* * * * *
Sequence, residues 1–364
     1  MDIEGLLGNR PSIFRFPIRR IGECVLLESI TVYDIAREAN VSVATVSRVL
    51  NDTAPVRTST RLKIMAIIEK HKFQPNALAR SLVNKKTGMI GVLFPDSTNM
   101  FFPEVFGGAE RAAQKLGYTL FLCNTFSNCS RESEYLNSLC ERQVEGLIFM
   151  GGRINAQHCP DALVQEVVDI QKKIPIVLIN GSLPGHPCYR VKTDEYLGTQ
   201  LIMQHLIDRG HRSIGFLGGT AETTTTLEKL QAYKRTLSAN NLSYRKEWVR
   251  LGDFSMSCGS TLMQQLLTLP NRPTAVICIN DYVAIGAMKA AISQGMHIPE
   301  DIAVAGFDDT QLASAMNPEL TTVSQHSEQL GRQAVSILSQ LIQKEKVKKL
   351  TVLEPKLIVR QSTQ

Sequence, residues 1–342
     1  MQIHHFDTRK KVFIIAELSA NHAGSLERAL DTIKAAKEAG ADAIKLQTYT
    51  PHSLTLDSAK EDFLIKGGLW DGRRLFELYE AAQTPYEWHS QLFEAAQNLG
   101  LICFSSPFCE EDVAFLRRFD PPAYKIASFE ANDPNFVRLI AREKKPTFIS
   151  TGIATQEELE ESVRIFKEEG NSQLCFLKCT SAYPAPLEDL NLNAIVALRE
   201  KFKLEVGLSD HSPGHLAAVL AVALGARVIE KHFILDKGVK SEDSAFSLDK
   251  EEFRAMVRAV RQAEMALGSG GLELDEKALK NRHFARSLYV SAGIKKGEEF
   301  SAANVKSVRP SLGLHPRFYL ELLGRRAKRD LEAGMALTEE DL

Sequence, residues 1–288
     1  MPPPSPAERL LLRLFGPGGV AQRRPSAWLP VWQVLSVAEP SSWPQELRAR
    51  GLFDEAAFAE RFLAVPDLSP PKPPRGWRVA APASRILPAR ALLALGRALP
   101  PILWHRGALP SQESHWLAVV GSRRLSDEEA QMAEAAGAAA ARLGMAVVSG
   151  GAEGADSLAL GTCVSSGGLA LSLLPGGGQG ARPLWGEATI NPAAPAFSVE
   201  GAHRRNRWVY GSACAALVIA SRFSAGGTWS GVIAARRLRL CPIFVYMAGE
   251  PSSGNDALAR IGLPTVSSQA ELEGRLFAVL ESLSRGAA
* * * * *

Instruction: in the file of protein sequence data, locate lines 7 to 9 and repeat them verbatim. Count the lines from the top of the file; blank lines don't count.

   251  LGDFSMSCGS TLMQQLLTLP NRPTAVICIN DYVAIGAMKA AISQGMHIPE
   301  DIAVAGFDDT QLASAMNPEL TTVSQHSEQL GRQAVSILSQ LIQKEKVKKL
   351  TVLEPKLIVR QSTQ